32. American Cancer Society (ACS). Cancer Facts & Figures 2018. Atlanta, GA: American Cancer Society; 2018.
33. Chesson HW, Ekwueme DU, Saraiya M. Estimates of the annual direct medical costs of the prevention and treatment of disease associated with human papillomavirus in the United States. Vaccine. 2012;42(30):6016–6019.

CDC Recommendations

CDC'S ACIP recommends HPV vaccination for both males and females14

Routine

CDC recommends routine HPV vaccination at age 11 or 12 years.
Vaccination can be given starting at 9 years.

Catch-up

    For patients who have not been vaccinated previously,
    CDC recommends vaccination for

  • females 13–26
  • males 13–21

Males aged 22–26 may also be vaccinated.

AAP, AAFP, and ACOG support the ACIP routine recommendation to vaccinate 11- and 12-year-old males and females.15

CDC=Centers for Disease Control and Prevention.

AAFP=American Academy of Family Physicians.

AAP=American Academy of Pediatrics.

ACIP=Advisory Committee on Immunization Practices.

ACOG=American College of Obstetricians and Gynecologists.

Indication for GARDASIL 9

GARDASIL 9 is a vaccine indicated in females 9 through 45 years of age for the prevention of cervical, vulvar, vaginal, and anal cancers caused by human papillomavirus (HPV) Types 16, 18, 31, 33, 45, 52, and 58; precancerous or dysplastic lesions caused by HPV Types 6, 11, 16, 18, 31, 33, 45, 52, and 58; and genital warts caused by HPV Types 6 and 11.

GARDASIL 9 is indicated in males 9 through 45 years of age for the prevention of anal cancer caused by HPV Types 16, 18, 31, 33, 45, 52, and 58; precancerous or dysplastic lesions caused by HPV Types 6, 11, 16, 18, 31, 33, 45, 52, and 58; and genital warts caused by HPV Types 6 and 11.

GARDASIL®9 (Human Papillomavirus 9-valent Vaccine, Recombinant) does not eliminate the necessity for womengirls to continue to undergo recommended cervical cancer screening later in life. Recipients of GARDASIL 9 should not discontinue anal cancer screening if it has been recommended by a health care professional.

GARDASIL 9 has not been demonstrated to provide protection against diseases from vaccine HPV types to which a person has previously been exposed through sexual activity.

GARDASIL 9 is not a treatment for external genital lesions; cervical, vulvar, vaginal, and anal cancers; or cervical intraepithelial neoplasia (CIN), vulvar intraepithelial neoplasia (VIN), vaginal intraepithelial neoplasia (VaIN), or anal intraepithelial neoplasia (AIN).

Not all vulvar, vaginal, and anal cancers are caused by HPV, and GARDASIL 9 protects only against those vulvar, vaginal, and anal cancers caused by HPV Types 16, 18, 31, 33, 45, 52, and 58.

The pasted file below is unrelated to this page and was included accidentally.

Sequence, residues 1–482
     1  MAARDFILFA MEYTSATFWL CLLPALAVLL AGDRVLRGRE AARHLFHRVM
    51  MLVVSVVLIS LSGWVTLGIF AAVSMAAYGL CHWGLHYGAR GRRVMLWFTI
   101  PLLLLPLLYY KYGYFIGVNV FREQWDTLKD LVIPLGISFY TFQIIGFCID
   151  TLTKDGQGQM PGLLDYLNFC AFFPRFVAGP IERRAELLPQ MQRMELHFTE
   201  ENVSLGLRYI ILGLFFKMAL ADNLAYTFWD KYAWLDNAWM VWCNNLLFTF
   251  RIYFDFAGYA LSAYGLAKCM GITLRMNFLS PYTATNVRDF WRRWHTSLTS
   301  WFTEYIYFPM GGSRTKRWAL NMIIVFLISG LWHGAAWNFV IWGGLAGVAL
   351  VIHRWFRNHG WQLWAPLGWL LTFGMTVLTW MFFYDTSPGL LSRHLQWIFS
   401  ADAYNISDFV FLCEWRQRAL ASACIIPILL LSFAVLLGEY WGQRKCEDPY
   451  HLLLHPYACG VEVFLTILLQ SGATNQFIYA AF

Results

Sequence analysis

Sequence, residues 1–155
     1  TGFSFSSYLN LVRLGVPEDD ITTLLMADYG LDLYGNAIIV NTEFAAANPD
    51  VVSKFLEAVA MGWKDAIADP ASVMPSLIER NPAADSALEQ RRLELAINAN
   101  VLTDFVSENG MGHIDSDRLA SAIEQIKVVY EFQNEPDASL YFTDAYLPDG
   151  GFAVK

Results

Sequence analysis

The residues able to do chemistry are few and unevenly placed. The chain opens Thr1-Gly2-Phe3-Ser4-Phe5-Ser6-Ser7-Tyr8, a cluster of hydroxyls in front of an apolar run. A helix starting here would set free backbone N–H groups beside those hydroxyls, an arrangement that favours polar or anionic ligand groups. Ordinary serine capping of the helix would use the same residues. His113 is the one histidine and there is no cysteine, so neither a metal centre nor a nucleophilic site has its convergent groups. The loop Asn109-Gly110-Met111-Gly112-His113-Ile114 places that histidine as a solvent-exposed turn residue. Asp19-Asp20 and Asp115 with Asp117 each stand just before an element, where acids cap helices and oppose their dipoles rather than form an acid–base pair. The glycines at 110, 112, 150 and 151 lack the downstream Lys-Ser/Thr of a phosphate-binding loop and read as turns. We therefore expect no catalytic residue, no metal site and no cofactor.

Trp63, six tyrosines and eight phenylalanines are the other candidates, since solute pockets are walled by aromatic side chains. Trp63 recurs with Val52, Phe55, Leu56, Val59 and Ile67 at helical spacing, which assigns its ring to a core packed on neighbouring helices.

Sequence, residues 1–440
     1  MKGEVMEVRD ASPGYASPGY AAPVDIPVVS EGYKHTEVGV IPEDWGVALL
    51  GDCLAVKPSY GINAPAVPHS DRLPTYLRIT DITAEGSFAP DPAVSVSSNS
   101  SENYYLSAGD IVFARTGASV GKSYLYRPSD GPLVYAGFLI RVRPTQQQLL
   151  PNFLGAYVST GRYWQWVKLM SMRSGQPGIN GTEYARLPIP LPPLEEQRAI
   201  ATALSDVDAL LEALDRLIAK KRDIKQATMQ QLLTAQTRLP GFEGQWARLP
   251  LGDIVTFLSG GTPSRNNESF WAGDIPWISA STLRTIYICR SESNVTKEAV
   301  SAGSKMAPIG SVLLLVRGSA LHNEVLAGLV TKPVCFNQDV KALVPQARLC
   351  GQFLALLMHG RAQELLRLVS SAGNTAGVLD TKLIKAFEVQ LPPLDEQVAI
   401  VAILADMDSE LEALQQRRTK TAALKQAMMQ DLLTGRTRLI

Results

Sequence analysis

Vaccination with GARDASIL 9 may not result in protection in all vaccine recipients.

Select Safety Information for GARDASIL®9 9 (Human Papillomavirus 9-valent Vaccine, Recombinant)

GARDASIL 9 is contraindicated in individuals with hypersensitivity, including severe allergic reactions to yeast, or after a previous dose of GARDASIL 9 or GARDASIL® [Human Papillomavirus Quadrivalent (Types 6, 11, 16, and 18) Vaccine, Recombinant].

Because vaccinees may develop syncope, sometimes resulting in falling with injury, observation for 15 minutes after administration is recommended. Syncope, sometimes associated with tonic-clonic movements and other seizure-like activity, has been reported following HPV vaccination. When syncope is associated with tonic-clonic movements, the activity is usually transient and typically responds to restoring cerebral perfusion.

Safety and effectiveness of GARDASIL 9 have not been established in pregnant women.

The most common (≥10%) local and systemic adverse reactions in females were injection-site pain, swelling, erythema, and headache. The most common (≥10%) local and systemic reactions in males were injection-site pain, swelling, and erythema.

The duration of immunity of GARDASIL 9 has not been established.

There was an increase in injection-site swelling reported at the injection site for GARDASIL 9 when administered concomitantly with Menactra and Adacel. The majority of injection-site swelling adverse experiences were reported as being mild to moderate in intensity.


Dosage and Administration for GARDASIL 9

GARDASIL 9 should be administered intramuscularly in the deltoid region of the upper arm or in the higher anterolateral area of the thigh.

  • For individuals 9 through 14 years of age, GARDASIL 9 can be administered using a 2-dose or 3-dose schedule. For the 2-dose schedule, the second dose should be administered 6–12 months after the first dose. If the second dose is administered less than 5 months after the first dose, a third dose should be given at least 4 months after the second dose. For the 3-dose schedule, GARDASIL 9 should be administered at 0, 2 months, and 6 months.
  • For individuals 15 through 45 years of age, GARDASIL 9 is administered using a 3-dose schedule at 0, 2 months, and 6 months.

Before administering GARDASIL®9 (Human Papillomavirus 9-valent Vaccine, Recombinant), please read the Prescribing Information. The Patient Information also is available.